Washington, DC (March 25, 2020)—Cheap Trick at Budokan, the theme song from Mister Rogers’ Neighborhood, the Village People’s “Y.M.C.A.” and the play-by-play of the 1951 National League tiebreaker between the New York Giants and the Brooklyn Dodgers are among the 25 recordings just added to the National Recording Registry of the Library of Congress.
Released in the middle of the coronavirus pandemic, the 25 titles newly added to the registry are described by the Library of Congress as the “ultimate ‘stay at home’ playlist.” New inductees also include Dr. Dre’s debut studio album The Chronic, Selena’s 1990 album Ven Conmigo, Allan Sherman’s comedy 1963 classic “Hello Muddah, Hello Fadduh,” Dusty Springfield’s 1969 album Dusty in Memphis, Whitney Houston’s rendition of Dolly Parton’s “I Will Always Love You” and Tina Turner’s 1984 album Private Dancer.
“The National Recording Registry is the evolving playlist of the American soundscape. It reflects moments in history captured through the voices and sounds of the time,” said Librarian of Congress Carla Hayden. “We received over 800 nominations this year for culturally, historically or aesthetically significant recordings to add to the registry. As genres and formats continue to expand, the Library of Congress is committed to working with our many partners to preserve the sounds that have touched our hearts and shaped our culture.”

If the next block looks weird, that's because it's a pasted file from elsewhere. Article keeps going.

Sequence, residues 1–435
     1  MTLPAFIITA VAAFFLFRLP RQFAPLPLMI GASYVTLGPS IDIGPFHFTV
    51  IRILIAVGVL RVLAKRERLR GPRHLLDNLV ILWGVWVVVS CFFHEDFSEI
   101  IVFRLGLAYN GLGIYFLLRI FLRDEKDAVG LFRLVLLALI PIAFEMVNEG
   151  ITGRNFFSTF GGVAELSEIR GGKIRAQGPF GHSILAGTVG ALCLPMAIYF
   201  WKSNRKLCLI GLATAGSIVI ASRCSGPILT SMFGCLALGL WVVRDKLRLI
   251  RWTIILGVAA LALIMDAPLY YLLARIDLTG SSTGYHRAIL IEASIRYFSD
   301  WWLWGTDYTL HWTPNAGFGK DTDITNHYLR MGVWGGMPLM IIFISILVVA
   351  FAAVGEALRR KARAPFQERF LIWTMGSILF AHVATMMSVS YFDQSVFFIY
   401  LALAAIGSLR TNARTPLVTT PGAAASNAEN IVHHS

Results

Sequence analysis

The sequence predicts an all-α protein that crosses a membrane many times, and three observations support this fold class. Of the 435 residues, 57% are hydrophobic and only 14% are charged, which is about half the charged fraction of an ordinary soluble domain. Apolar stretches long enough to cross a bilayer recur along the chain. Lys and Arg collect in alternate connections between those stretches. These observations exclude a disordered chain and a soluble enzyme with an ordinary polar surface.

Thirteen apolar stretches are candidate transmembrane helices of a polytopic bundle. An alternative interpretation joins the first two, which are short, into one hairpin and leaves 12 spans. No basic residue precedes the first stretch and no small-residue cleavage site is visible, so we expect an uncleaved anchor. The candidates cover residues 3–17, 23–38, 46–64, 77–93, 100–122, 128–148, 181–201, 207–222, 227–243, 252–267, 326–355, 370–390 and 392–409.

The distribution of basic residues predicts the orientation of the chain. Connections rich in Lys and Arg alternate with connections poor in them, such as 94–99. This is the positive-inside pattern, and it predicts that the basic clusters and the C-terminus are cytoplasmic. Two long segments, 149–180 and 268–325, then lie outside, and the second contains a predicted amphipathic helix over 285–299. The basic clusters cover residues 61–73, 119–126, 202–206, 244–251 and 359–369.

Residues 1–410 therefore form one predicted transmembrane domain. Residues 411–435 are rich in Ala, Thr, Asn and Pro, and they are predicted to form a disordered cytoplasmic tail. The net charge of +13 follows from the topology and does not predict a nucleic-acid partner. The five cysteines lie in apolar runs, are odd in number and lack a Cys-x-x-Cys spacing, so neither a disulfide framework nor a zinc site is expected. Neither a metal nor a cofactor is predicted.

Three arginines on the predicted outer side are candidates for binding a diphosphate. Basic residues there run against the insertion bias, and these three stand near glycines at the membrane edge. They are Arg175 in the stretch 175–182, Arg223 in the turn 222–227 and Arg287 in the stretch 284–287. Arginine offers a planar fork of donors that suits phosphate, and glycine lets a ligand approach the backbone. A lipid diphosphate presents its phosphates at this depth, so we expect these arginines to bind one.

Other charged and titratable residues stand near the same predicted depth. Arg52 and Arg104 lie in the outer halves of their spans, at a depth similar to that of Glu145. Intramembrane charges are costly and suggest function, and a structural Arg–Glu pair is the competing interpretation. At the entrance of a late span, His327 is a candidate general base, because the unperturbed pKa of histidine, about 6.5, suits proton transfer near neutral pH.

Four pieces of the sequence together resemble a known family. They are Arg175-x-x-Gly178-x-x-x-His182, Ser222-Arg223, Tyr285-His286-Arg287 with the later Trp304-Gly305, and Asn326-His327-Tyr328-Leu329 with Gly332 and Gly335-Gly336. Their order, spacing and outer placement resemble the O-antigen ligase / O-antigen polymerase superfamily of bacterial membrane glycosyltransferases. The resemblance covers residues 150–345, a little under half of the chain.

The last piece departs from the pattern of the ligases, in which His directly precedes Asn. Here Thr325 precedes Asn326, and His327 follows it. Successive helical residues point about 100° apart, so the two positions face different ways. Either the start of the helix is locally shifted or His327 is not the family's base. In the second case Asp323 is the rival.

Under the terms of the National Recording Preservation Act of 2000, the Librarian, with advice from the Library’s National Recording Preservation Board (NRPB), is tasked with annually selecting 25 titles that are “culturally, historically, or aesthetically significant” and are at least 10 years old.
Some registry titles have already been preserved by the copyright holders, the artists or other archives. In cases where a selected title has not already been preserved, the Library of Congress Packard Campus for Audio Visual Conservation works to ensure that the sound recording will be preserved by some entity and available for future generations. This can be either through the Library’s recorded-sound preservation program or through collaborative ventures with other archives, recording studios and independent producers.
The Library of Congress is the world’s largest library, offering access to the creative record of the United States — and extensive materials from around the world — both on-site and online. It is the main research arm of the U.S. Congress and the home of the U.S. Copyright Office.
Library of Congress: www.loc.gov